I tried 23andMe and here are the results
How much value would you assign to the possibility of preventing a disease? How curious are you about your ancestry and where you really come from? I was curious enough to buy the 23andMe ancestry and health kit (although I don’t think there is any other option at a comparable price).
The ethos of 23andMe is that individuals should have the power to take action about their health and well-being with science that is readily available today. Also, they know that there are people like me who like graphs and spreadsheets and that couldn’t resist the temptation of analyzing themselves with more data than you thought was possible to produce about a person.
23andMe takes the expression “know yourself” to a whole new level.
23andMe provides ancestry and health reports and all you need to do is send them some saliva. The trade was attractive enough to get me to say yes, and in exchange, I got a wealth of information about myself that I still haven’t had the time to fully process.
The ancestry portion called me because I was born in a small Central American country, Costa Rica, where nobody really knows what race is, since we are a pretty diverse mix of a few races (and everybody’s been told they are white). Costa Rica was conquered by the Spaniards, who encountered civilizations of Native Americans (indigenous people) upon their arrival. In the cases where they didn’t kill the natives, they mated with them, and that’s the story of my side of the world. How much of each broad racial group we all are was a mystery. Until now.
The health reports called me because I want to live a long, healthy life (and because I don’t believe in doctors). If you could know today that you were likely to suffer from a disease based on your genetic heritage, wouldn’t you want to do something about it? This is one of the most compelling reasons why I loved this idea: in the face of failing healthcare systems and unsustainable lifestyle patterns, understanding the likelihood of a certain disease from a genetic perspective gives you the power to control the environmental factors that could also have an impact in the development of a health condition like Alzheimer’s Disease. This puts the power back in the individual and not the hospitals or doctors, who work with very different incentives.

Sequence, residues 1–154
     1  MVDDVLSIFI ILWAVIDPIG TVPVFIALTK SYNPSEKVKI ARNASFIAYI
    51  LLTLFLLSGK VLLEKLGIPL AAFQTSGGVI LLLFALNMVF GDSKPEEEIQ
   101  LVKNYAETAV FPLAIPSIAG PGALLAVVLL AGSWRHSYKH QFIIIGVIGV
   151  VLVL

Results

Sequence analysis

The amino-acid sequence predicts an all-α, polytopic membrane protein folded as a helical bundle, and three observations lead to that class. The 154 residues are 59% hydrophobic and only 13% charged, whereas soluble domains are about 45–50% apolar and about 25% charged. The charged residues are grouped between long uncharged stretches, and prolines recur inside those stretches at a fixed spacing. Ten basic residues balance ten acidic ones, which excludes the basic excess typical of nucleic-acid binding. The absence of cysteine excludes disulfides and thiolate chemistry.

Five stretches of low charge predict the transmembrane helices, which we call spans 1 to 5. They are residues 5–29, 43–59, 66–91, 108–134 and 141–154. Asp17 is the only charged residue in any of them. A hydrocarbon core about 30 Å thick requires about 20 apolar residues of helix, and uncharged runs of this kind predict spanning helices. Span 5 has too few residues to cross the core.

On April 6th 2017, 23andMe received authorization from the U.S. Food and Drug Administration (FDA) to offer ten new reports, including Alzheimer’s Disease (AD) and Parkinson’s Disease. This makes the company the only one in the World authorized to provide personal health risks reports directly to consumers without a prescription. Since I got mine done before this authorization was granted, I was wondering if I would have access to the new reports, but I checked my account recently and all the new reports were there. All the findings are below.
It is very important that you read all the supplemental information that is provided along with your ancestry and carrier status reports. Showing positive results for one or more variants of a certain disease does not mean you’ll develop that disease, similarly, not testing positive for any such variants does not mean you are forever free of the condition. Lile most things in life, it’s all about probabilities
Here are my full results:
First of all, if you have never seen me, this is how I look like (sorry about the selfies):
Ok, this is pretty cool…